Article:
Jason Suzuki’s review published on Letterboxd:
If you fake reality, then reality is fake. Coming off the lips of a monk it's laughable, but said by the film this "koan" is almost an admittance of wasted effort. For anyone who makes it this far into artist Xu Bing's foray into feature filmmaking Dragonfly Eyes, this could either be infuriating that all of this effort, traversing thousands of hours of real surveillance footage to assemble a story a girl who leaves a monastery only to be eaten up by the city, was for nothing. It's more so a provocative challenge to those who watched the film for its gimmick, who have chosen to ignore the thousands of realities in favor of the melodramatics Xu has applied to the footage. The actual lives who created the footage of suicides, violence, and city anonymity are relegated to subtext and are begging to be further explored. Xu lets his story - told entirely with voice over and onscreen text
Unlike Bong Joon-ho's 2004 short Influenza, in which the narrative is presented as surveillance footage, Xu's film openly applies fiction to actual surveillance footage. There's a sense that this is the most natural plot to come from the footage. Gyorgy Palfi with his Final Cut: Ladies and Gentleman, in which he uses clips from hundreds of films to tell a story, opted for that of a romance between a man and woman. It's timeless and one that can be derived from a great deal of works. This assumption that what occurs in the fiction of Dragonfly Eyes was induced by the footage itself, is successful and haunting.
The film seems to know its incredible aspirations and gives itself a few safety nets, one of them occurs immediately. We hear Xu Bing's voice describing his desire to make a film of this nature for a while, but it wasn't feasible until all of this footage was being live streamed and saved on a cloud. This is the important detail: the notions of privacy, fame, and connection. Unfortunately the film might not be able to shake its approach, especially when it calls attention to it.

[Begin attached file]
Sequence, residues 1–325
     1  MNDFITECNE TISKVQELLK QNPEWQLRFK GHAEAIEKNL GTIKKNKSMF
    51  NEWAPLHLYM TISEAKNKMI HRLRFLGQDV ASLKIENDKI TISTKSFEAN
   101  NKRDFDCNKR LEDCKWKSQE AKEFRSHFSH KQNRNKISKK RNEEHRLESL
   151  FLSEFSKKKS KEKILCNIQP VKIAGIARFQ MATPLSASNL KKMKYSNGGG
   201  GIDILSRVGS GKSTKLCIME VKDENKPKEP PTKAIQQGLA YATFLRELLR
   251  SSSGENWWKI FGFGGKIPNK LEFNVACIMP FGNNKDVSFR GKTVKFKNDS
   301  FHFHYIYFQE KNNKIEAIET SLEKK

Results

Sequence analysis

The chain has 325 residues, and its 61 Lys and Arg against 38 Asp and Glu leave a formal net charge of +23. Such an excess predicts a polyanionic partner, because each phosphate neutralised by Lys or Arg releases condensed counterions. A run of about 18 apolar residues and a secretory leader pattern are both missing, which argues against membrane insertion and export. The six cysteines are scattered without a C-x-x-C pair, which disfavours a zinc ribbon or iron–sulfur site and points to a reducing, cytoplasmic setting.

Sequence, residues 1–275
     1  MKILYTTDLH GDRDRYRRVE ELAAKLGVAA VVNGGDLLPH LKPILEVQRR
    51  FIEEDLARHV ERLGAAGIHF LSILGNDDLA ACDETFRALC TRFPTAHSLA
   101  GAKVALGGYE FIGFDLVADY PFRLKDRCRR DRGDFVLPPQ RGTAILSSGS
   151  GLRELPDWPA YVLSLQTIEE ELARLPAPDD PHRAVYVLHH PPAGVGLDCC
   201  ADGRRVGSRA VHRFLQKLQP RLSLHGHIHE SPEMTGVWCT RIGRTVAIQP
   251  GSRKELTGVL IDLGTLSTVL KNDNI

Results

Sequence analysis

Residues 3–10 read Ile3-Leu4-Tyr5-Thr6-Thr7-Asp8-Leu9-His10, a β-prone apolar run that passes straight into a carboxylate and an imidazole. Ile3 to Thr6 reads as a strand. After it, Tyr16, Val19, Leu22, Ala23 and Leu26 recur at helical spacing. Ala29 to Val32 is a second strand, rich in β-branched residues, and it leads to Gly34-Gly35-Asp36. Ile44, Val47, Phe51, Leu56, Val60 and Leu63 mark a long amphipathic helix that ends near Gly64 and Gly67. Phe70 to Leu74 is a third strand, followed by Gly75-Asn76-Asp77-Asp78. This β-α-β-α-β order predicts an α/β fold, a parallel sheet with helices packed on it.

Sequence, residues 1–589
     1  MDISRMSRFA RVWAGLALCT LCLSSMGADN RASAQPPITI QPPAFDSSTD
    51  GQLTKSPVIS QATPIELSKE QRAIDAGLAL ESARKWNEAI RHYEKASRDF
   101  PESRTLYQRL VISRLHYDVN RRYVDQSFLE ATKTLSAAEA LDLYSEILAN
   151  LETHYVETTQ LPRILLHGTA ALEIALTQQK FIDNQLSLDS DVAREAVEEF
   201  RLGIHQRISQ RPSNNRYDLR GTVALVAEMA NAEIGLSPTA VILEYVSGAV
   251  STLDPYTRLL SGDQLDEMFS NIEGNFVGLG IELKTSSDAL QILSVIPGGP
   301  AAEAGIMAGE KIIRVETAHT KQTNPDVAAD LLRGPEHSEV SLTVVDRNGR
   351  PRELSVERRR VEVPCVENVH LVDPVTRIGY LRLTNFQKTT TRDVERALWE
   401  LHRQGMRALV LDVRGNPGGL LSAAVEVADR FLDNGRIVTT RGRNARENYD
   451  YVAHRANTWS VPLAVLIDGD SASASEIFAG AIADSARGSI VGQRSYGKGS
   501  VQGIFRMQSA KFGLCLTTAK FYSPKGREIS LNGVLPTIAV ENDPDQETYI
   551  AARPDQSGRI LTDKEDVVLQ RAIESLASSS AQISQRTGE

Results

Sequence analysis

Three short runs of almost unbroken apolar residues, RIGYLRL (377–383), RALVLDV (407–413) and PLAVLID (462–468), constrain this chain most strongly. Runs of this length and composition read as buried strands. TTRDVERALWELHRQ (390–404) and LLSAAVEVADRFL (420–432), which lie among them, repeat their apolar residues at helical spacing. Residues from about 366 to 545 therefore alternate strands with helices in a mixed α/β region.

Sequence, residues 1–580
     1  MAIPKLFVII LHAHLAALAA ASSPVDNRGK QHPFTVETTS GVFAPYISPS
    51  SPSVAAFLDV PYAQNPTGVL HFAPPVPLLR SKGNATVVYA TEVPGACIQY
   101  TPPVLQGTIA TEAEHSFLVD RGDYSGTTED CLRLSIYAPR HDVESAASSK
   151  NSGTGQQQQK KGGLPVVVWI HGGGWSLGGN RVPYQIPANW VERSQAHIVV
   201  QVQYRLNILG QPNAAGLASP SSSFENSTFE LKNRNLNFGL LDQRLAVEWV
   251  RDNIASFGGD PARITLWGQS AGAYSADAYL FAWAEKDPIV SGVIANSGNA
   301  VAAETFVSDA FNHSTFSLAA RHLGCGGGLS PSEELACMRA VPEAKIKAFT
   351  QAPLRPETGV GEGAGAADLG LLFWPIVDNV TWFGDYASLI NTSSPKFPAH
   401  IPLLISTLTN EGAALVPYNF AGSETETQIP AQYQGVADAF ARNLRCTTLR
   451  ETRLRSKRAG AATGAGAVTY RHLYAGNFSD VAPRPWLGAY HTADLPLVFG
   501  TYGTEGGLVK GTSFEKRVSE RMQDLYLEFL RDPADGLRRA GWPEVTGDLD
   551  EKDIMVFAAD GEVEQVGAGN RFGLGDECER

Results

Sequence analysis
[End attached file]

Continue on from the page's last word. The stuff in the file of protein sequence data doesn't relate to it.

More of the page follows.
Qing Ting is a woman with a plain face, not extraordinarily beautiful, gets a job at a dairy factory. The way she wonders about the feelings of the cows draws the attraction of engineer Ke Fan. She moves from job to job and he follows, developing an obsession and desire to protect that she didn't ask for. A run in with a rude upper-class socialite causes Qing Ting to lose her job at a laundromat. When Ke Fan confronts the woman who cost Qing Ting her job, things begin to escalate until he's in prison and she turns to plastic surgery for a new start and new career.
The majority of the film is narrated by Qing Ting and Ke Fan. The plot is progressed by these voice overs. Since it is written that both are average, different non-descript people "portray" these characters. The film does a successful job adding all the sound in post. The audio of conversations might betray the CCTV form, but it mixes it up from the voice over and gives the surveillance AI a greater ability for the invasive. The eponymous surveillance system is the other major player in the film. Seemingly voiced by Stephen Hawking, the Dragonfly Eyes keeps watch. It is able to categorize individuals based on gender and objects by type. Areas of interest in the frame are outlined in boxes by the AI. It picks out our protagonists from crowds, at one point it's even able to provide backstory to random people. A shot of a woman at a computer and a man looking over her shoulder. According to the AI she is having computer troubles at work and he is a coworker who has always had a crush on her, which is why he is helping. These are when the film is most inventive and engaging, when its scope is everyone in the field of view of one of these thousands of eyes.
During the story of Qing Ting and Ke Fan the film will sometimes evolve into montages, usually of violence. This is an instance of the film's form trying to break from the story. Footage used for the story eventually becomes distanced from its origins. These diversions are necessary as potential reminders that what we are seeing was not staged. Filmmakers opting for the style of found footage do so to achieve the effect these clips hold. But here it is anonymous. The distance keeps anything from coming off as warm.